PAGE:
Sometimes the most rewarding gift is the one that’s hardest to unwrap.
In a game that showcased both the best and worst of last year’s Knicks, Carmelo Anthony’s clutch Christmas heroics punctuated an afternoon at once nerve wracking and promising.
Anthony netted 17 of his 37 points in the final stanza, single-handedly matching Boston’s entire fourth quarter output and propelling the Knicks to a 106-104 victory — the team’s first over the Celtics since 2010.
Kevin Garnett (15 points, 8 rebounds) had a chance to tie the game in the final seconds, but missed a 15-foot contested jumper from the wing.
Amar’e Stoudemire chipped in 21 on 11 shots (including a pair of three pointers) to go along with six rebounds, two blocks, and two steels.
With the two long distance dial-ups, Stoudemire — who says he spent much of the summer extending his range from deep — needs just one more trifecta to equal last seasons’ output.
With a sore heal sidelining Paul Pierce, Rajon Rondo picked up the slack for the visiting Celts, rendering the Knicks time and again a helpless Christmas turkey en route to 31 points, 13 assists, and five steals.
Brandon Bass — acquired from Orlando in a trade for Glen Davis two weeks ago — tallied 20 points and 11 rebounds in 28 minutes off the bench.
Toney Douglas added 19 points, four assists, and three steals for the Knicks, in a mixed bag performance defined more by the streaky guard’s inability to contain the hot-handed Rondo — particularly in transition. Still, Douglas finished the game with a +12, second only to Anthony’s +15.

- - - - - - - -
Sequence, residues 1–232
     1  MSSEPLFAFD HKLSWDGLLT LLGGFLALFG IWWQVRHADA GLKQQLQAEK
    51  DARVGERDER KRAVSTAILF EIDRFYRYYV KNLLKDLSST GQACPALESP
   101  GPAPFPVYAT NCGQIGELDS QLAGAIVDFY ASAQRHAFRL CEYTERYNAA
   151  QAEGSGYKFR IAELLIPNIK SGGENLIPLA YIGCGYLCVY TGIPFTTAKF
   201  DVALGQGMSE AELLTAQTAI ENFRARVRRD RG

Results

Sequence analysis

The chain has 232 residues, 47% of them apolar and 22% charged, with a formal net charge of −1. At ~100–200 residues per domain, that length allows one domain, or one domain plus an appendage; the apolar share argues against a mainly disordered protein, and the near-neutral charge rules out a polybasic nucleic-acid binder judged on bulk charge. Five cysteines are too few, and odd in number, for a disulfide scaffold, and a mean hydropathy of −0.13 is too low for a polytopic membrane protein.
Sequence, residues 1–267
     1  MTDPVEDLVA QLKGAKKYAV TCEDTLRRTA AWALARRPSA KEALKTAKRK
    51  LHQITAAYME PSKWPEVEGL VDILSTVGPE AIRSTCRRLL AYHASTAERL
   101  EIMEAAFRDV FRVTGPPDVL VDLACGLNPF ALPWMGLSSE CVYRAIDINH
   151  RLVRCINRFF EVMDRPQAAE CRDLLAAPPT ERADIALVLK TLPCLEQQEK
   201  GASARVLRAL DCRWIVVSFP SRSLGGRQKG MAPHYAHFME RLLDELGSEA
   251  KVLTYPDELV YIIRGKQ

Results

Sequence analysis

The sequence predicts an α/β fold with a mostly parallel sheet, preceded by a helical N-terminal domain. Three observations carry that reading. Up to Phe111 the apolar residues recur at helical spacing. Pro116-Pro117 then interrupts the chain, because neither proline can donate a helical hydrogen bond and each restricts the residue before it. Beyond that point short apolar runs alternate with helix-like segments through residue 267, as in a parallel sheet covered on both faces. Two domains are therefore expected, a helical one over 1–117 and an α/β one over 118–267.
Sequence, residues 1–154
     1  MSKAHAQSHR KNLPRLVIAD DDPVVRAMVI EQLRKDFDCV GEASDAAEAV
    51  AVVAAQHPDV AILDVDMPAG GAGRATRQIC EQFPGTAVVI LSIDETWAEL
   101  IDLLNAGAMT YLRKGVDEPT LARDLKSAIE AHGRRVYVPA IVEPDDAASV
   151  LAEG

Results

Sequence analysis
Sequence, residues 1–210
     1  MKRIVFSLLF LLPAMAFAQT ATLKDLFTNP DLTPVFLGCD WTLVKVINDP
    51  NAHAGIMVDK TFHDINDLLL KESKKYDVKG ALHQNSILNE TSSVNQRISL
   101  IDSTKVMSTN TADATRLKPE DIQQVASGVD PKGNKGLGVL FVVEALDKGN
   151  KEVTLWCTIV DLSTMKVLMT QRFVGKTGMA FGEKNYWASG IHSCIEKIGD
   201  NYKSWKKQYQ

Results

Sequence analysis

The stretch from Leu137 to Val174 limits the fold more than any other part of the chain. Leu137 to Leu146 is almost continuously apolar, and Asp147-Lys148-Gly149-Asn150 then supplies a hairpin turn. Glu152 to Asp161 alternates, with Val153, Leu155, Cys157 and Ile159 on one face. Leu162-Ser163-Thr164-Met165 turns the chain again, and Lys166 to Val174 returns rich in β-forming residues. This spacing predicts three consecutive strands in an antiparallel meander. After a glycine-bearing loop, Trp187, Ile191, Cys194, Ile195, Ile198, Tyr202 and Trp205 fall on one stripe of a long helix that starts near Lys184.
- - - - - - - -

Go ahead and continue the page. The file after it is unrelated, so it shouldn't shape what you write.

In his first regular season game in the orange and blue, Tyson Chandler coupled a quiet seven points and three rebounds with six booming blocks and trademark interior defense that helped ignite a number of early fast breaks.
Rookie Iman Shumpert registered 11 (on 13 occasionally questionable shots) before leaving mid way through the third quarter with a sprained MCL. The injury is expected to sideline the Knicks’ first round draft pick for at least two weeks.
It was a tale of two halves for the Knicks, who led by as many as 17 midway through the second quarter before a late Boston flurry cut the lead to ten at the half.
Aided by a 35-17 third quarter blitz, the Celtics would eventually build their own double-digit lead, and it seemed for a moment that the old rivalry’s recent demons were doomed to haunt the Knicks anew.
That’s when Melo took over.
Echoing his heroic Game 2 performance from last year’s largely one-sided first round Playoff series, Anthony connected on four of five fourth quarter shots and seven of eight free throws — including the two go-ahead tallies in the final minute — erasing at least momentarily the bitter memory of last April’s disappointing exit, and giving the raucous Garden crowd a Yuletide gift they won’t soon forget.
Anthony’s deft touch (a TS% of 78% for those keeping score at home) — while by no means an expected harbinger — certainly bodes well for a team still searching for an offensive identity.
With injuries to Shumpert and Jarred Jeffries (a strained calf is expected to keep the newly re-signed Knick vet out 1-2 weeks) further denting an already shaky bench, it might not be the last time the Bockers beckon a Melo bailout in the coming days.
The Knicks begin a three game West Coast road trip Wednesday at Golden State.